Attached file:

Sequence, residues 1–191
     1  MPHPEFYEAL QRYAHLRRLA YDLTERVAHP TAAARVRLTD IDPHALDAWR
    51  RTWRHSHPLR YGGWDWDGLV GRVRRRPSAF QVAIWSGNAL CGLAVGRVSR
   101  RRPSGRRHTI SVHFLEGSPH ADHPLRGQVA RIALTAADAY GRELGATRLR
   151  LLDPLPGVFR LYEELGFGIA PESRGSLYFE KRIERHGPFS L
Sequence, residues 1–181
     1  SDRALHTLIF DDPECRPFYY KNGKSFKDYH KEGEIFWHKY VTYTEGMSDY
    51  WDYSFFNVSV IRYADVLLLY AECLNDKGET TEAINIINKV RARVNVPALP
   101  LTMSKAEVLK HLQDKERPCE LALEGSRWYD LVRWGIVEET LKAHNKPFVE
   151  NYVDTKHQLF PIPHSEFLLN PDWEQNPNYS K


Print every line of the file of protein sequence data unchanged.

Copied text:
Sequence, residues 1–191
     1  MPHPEFYEAL QRYAHLRRLA YDLTERVAHP TAAARVRLTD IDPHALDAWR
    51  RTWRHSHPLR YGGWDWDGLV GRVRRRPSAF QVAIWSGNAL CGLAVGRVSR
   101  RRPSGRRHTI SVHFLEGSPH ADHPLRGQVA RIALTAADAY GRELGATRLR
   151  LLDPLPGVFR LYEELGFGIA PESRGSLYFE KRIERHGPFS L
Sequence, residues 1–181
     1  SDRALHTLIF DDPECRPFYY KNGKSFKDYH KEGEIFWHKY VTYTEGMSDY
    51  WDYSFFNVSV IRYADVLLLY AECLNDKGET TEAINIINKV RARVNVPALP
   101  LTMSKAEVLK HLQDKERPCE LALEGSRWYD LVRWGIVEET LKAHNKPFVE
   151  NYVDTKHQLF PIPHSEFLLN PDWEQNPNYS K